Much to my delight, Heather has opened up the Open Adoption Roundtable. Periodically, she will pose a question, to which we respond in detail at our own blogs. I think this is a great way to network and share ideas and stories about adoption. It brings so many perspectives together!
The question for this first round is: What one thing about open adoption would you tell your past self, if you could? (For more detail, I'd recommend taking the link over to Heather's post.) This is a little different for me than it would be for an adoptive mom, but here goes.
It was pretty early in my pregnancy that I decided I was going to place my baby for adoption. Getting married just wasn't going to happen, abortion wasn't an option, and I decided I wasn't going to single parent. So I started looking at profiles of adoptive couples. Even these are a lot more open than they used to be, and contact of some kind is usually encouraged. I read through a few, and even emailed a handful of couples. One of the most important questions (to me) I asked was, "How do you feel about openness?"
I got lucky. Or rather, there was more than a little divine intervention. I hear adoptive couples and caseworkers talk about networking, and it is SO TRUE. I looked through the profiles and emailed couples that seemed close to what I wanted. But networking found the true results.
Late in the summer, when I was about four months along, my friend Ashley hesitantly approached me. She told me that her sister knew a couple who were hoping to adopt. I told Ashley to pass along my email address. Lo and behold, I soon had a lengthy email from Jen, telling me about her and her husband, their lives, the cruise they'd just gone on, and how they wanted to know all about me.
Those emails continued. They were usually long (as were mine back to them), they were usually fairly casual, but they were always loving and always interested in me and how I was doing. They were perfect, and I loved them. To be honest, Jen became a HUGE support to me throughout the rest of my pregnancy. I knew that she cared about me, and I knew that she cared about my pregnancy. I shared with her the details of my discomforts and my joys regarding my pregnancy, because she was curious and excited for me. In some ways, Jen went through that pregnancy, vicariously! And by the time I realized that she was supposed to be the mother of our "little monkey", I realized that I wanted her to share those experiences with me, because she was his mother.
I know that adoptive couples often feel anxiety about openness with birth parents. Particularly if it's their first time adopting. Always there's just that edge of nervousness when you think of including another person in your little family. I cannot commend Jen enough for her compassion, her curiosity, and her open, honest engagement with me. That was what I needed. I hope I'm not making an assumption to say that she needed it too. And I don't think either of us had even begun to realize what we needed from each other before it just happened.
I will relate an experience. It was late November. Jen and I had been emailing since August. I had prayed about it, my ex/the father had prayed about it, and I knew without any doubt that the little monkey was supposed to belong to Jen and Joe's family. I was planning to tell them over Christmas break when I met them for the first time. But out of nowhere, Jen and Joe got an offer: another birthmother had chosen to place her baby with them. Immediately.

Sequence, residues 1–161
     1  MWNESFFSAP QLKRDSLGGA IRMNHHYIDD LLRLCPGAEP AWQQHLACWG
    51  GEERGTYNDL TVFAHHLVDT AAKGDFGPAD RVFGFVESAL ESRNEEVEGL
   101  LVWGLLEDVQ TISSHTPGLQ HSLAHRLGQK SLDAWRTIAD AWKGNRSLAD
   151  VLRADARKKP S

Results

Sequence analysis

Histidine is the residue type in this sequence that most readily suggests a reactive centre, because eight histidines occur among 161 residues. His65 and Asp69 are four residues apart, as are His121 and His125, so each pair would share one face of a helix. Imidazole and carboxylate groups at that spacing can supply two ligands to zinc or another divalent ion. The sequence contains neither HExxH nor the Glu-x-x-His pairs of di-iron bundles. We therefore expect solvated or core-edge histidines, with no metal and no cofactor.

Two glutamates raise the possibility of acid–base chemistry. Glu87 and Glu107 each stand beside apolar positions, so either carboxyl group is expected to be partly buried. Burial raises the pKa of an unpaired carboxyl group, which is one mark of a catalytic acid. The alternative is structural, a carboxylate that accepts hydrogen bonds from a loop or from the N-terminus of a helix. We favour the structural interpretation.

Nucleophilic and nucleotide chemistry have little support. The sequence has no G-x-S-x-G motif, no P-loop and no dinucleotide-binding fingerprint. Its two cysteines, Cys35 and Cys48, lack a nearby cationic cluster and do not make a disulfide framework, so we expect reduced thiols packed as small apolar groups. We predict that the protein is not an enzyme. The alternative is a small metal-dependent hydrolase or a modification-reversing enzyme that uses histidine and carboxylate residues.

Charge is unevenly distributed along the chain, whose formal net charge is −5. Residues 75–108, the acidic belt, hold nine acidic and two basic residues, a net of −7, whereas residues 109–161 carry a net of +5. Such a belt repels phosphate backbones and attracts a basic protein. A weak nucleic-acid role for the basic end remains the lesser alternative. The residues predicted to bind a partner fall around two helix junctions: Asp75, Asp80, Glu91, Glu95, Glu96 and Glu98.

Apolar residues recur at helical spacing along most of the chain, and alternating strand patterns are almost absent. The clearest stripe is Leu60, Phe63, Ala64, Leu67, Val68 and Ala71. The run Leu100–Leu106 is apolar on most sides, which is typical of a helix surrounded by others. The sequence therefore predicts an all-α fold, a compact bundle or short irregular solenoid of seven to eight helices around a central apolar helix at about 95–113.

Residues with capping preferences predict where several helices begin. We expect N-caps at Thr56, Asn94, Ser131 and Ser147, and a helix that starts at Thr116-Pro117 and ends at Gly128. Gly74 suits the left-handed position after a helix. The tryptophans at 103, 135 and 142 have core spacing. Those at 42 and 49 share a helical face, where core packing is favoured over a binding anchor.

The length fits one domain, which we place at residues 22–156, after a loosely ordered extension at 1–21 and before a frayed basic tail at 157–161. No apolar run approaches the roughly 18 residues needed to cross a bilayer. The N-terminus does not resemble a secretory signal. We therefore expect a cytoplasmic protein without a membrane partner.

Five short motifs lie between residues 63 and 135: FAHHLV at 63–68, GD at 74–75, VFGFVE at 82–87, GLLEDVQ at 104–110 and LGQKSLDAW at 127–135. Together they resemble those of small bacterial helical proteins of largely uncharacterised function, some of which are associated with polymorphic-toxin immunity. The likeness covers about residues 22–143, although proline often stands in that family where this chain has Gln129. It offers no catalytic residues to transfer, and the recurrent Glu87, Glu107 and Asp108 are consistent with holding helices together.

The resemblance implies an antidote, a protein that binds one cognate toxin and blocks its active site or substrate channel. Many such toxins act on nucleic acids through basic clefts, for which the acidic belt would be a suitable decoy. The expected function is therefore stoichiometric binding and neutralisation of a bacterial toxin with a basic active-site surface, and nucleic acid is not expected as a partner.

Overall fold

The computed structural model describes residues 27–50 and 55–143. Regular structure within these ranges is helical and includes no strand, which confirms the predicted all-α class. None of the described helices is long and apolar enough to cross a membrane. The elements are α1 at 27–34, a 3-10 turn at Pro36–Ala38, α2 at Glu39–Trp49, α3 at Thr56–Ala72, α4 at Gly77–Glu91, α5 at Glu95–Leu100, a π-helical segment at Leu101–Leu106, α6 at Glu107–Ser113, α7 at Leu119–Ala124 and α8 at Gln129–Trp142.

I can't even begin to imagine what Jen and Joe went through during this time. It seems so brief, looking back, but at the time it seemed like an endless agony. Jen and Joe considered the offer, and my caseworker talked me through the possibilities, and what might happen if they decided to accept this other child, and not mine. Jen and Joe considered the possibility of taking both children. We all prayed.
We had a conference call--Jen, Joe, their caseworker, my caseworker, me and my ex. I was on pins and needles. I knew. I knew my baby was meant to be with them. And I didn't want to share them with some other person! I didn't want my baby fighting for their attention! It was just supposed to be us right now. Other babies could come later, but right now, it was about me and my little monkey.
Jen and Joe knew it too.
You can't imagine the relief I felt when they told me that their prayers had been answered, and that they knew they were supposed to have my baby, and that this other child was supposed to be with a different family. I wept. It still brings tears to my eyes to think about what might have happened, if they hadn't been in tune to the Spirit, if they had been tempted by the offer of a baby right now. But our Father in Heaven knew where these children were supposed to be, and He made it possible.
We still met over Christmas, and though it was no longer a surprise of any kind, I still gave them my gift--a stuffed monkey, to hold them over until they got the real little monkey. Over the coming months, our emails continued. I shared my ultrasound pictures. We met again. We talked about names for the baby. We discussed the birth plan. In every way, I tried to include them in my pregnancy, and then in the birth of their son.
I know that I've strayed a bit. But what I would tell my past self about open adoption is to trust. I would tell me to trust myself. I was so worried that I wouldn't be able to choose the right parents for my baby, but when the real time of trial came, I knew. And I would tell myself to trust them. Jen and Joe have been so kind and generous, through every step and every day of this experience. They continue to share with me, and they continue to tell their son about his adoption and his birthmom, who loves him. Open adoption works. It is about trust, and it is about love.